Newfoundland and Labrador Needs to Get Back to Basics

I haven’t written much about the fishery lately because not many people seemed concerned about it or making their voices known and the previous government had the fishing industry on the back burner.

I recently read an article in The Telegram by Father Brophy about the proposed sale of Quinsea to a company in Denmark, Royal Greenland and listened to Gus Etchegary, Dr. Phil Earle, Leo Seamour, John Gillette and David Boyd. I thought to myself, we have a change of government in Ottawa and a change in this province, this is the start of 2016 and a few people are starting to talk about the importance of the fishery to this province and what it could do for our future if it was managed properly.

Now is the time, I believe, for people to talk about and urge our two governments to bring this very valuable and renewable resource to its full potential so that our rural communities can come alive again.

I grew up in a fishing community in Lushes Bight, spent 23 years in Deer Lake, gave up a profitable building construction company and went back to fishing in 1977 because I could not get the saltwater out of my blood. I fished until the moratorium — when I moved back fishing I brought five children with me.

Besides myself working in the fishery, I had two daughters who married fishermen, one married a boat builder, one married a fishplant worker and I had a son that fished with me and later worked at boatbuilding. I also had two granddaughters whose husbands worked at boat building — totalling eight people that got their living from the sea in my family.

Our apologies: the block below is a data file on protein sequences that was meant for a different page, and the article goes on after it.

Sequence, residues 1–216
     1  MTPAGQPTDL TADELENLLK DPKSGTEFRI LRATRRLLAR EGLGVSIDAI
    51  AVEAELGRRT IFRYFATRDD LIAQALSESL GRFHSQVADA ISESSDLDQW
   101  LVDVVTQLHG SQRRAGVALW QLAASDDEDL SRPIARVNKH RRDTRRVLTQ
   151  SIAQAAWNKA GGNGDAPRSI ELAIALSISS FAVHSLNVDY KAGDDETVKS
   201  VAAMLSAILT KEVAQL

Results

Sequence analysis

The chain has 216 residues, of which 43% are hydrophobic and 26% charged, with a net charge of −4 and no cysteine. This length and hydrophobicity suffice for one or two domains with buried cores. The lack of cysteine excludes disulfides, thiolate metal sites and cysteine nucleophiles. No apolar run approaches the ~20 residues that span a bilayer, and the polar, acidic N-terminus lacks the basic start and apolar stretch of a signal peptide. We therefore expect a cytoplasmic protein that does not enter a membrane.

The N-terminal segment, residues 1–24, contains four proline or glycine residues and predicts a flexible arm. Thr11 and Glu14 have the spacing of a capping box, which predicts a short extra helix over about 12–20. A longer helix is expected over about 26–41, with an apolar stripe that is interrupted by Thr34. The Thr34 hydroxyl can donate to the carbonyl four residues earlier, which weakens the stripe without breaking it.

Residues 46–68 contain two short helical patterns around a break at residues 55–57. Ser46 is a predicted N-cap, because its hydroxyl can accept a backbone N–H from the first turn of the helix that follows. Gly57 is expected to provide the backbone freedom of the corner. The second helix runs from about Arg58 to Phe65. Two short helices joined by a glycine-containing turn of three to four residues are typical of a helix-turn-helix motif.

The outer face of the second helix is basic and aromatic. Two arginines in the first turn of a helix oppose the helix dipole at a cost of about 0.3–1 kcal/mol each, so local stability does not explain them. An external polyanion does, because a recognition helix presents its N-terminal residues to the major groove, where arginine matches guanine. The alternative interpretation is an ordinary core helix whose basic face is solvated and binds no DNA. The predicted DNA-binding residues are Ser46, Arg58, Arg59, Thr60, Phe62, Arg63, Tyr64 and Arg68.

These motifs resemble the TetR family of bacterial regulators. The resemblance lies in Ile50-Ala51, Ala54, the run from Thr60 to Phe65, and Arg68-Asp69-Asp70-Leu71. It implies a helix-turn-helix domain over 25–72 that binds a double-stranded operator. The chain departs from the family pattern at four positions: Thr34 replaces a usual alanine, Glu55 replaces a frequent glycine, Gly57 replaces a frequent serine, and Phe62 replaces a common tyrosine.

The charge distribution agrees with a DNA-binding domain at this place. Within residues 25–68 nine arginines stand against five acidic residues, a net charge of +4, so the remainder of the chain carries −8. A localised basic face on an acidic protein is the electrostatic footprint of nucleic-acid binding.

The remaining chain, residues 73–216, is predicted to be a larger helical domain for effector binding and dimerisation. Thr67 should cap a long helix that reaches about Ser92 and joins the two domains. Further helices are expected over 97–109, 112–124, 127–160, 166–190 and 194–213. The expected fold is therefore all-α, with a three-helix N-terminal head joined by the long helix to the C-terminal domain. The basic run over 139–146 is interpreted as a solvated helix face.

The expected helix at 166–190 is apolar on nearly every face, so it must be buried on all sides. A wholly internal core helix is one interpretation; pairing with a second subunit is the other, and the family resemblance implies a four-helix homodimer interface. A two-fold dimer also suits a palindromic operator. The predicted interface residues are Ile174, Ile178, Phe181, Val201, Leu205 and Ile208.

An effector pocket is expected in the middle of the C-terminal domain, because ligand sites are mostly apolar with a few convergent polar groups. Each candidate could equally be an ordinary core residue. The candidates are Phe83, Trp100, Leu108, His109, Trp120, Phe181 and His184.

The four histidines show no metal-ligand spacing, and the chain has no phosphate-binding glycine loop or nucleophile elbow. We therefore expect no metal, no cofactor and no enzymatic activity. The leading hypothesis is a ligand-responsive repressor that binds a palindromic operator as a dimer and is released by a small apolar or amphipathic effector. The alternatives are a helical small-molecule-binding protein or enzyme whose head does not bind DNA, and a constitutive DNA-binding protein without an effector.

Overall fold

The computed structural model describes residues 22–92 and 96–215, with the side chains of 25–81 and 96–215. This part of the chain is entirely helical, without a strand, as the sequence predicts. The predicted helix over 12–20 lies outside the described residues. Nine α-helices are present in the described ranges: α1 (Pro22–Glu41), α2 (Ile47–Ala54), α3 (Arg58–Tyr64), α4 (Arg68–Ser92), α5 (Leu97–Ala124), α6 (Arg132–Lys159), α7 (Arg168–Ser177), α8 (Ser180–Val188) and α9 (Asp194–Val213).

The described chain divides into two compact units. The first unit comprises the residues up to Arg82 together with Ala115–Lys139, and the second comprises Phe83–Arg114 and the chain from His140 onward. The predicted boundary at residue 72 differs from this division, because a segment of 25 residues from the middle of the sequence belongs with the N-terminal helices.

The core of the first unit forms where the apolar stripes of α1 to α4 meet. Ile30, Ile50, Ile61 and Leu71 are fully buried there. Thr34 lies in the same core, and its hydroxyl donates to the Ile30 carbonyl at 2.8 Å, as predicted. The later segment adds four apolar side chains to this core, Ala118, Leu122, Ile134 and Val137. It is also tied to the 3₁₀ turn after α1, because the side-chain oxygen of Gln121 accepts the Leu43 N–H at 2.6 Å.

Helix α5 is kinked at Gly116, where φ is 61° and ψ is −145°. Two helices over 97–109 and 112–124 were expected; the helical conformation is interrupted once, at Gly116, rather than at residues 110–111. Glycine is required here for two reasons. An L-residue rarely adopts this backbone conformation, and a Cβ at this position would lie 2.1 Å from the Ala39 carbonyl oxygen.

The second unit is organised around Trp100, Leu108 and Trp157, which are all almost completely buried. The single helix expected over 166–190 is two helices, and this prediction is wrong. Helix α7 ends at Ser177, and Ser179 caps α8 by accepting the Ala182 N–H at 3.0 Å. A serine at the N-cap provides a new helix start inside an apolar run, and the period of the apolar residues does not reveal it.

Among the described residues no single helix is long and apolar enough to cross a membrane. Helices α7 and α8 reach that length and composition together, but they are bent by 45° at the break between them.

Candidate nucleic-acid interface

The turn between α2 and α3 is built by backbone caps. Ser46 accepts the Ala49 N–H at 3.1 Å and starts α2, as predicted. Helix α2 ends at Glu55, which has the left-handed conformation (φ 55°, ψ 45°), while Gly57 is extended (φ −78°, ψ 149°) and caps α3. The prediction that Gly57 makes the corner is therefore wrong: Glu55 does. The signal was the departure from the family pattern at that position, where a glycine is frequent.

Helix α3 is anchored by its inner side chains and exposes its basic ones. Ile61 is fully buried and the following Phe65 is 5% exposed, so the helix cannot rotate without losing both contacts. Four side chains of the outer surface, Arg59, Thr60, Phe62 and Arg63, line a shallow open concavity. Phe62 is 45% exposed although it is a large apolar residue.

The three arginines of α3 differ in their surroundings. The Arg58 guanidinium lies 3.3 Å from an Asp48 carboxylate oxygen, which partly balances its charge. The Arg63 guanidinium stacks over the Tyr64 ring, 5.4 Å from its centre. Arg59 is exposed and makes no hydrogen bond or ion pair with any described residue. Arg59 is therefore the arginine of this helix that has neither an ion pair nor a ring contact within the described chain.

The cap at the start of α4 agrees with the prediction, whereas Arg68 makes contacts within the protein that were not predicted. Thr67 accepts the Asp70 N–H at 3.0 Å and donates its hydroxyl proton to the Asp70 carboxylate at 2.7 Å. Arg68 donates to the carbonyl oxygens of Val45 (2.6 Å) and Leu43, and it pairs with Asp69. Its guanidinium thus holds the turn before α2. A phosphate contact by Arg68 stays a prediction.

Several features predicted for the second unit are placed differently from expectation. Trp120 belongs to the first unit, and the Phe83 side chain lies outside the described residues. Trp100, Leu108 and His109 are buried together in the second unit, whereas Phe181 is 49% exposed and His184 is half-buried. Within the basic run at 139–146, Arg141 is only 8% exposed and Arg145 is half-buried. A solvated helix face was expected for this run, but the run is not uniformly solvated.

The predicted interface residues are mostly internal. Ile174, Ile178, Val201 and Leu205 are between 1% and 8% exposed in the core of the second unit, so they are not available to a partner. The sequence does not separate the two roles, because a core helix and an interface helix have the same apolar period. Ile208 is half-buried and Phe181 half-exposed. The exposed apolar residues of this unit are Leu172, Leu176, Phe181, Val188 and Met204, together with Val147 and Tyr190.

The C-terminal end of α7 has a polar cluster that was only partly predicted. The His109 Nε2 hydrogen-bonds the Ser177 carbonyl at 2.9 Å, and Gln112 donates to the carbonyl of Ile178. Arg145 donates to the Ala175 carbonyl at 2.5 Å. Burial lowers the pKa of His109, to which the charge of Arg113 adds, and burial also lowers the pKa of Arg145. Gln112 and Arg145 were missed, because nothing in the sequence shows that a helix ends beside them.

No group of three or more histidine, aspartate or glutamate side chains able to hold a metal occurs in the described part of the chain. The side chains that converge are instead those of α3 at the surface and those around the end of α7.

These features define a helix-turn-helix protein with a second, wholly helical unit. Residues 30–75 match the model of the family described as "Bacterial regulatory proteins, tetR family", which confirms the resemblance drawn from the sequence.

Today, while all are working, they are no longer getting a living from the ocean because they had to move away from it because of the mismanagement and destruction of the fishery — they could no longer make a living at it.

I just use this as an example because you can go all over Newfoundland and Labrador and see the same examples.

If this province is to succeed, it has to get back to our traditional way of life.

We have three renewable industries in this province that have provided much needed jobs in the past, the fishery, forestry and farming and can do much for us and our grandchildren in the future and forever but only if they are managed properly and governments get their minds off oil and back to basics and the things that have sustained us for 500 years.

There is nothing wrong with oil if put in its proper place, as we fisherman would say (a bycatch) which is something you catch while targeting other species. Oil has been a bonus to this province but will not be around forever and should be put in its perspective.

Let 2016 be the year that we start planning our future. For too long we have stood back and allowed our politicians to do, not what we want, but what they wanted and we all know that hasn’t worked very well for this province. There are a lot of sound minds out there who know how to fix the fishery, but only if our politicians will listen and we have to bombard them with articles in the newspapers, on radio, emails, etc… We are down to the bottom of the barrel with nowhere to go, except up.

Get involved because as the late Alex Hickman stated (a quote I will never forget) “the ocean is the backbone of our very existence.”

(Ret) Capt. Wilfred Bartlett
Green Bay South, N.L.

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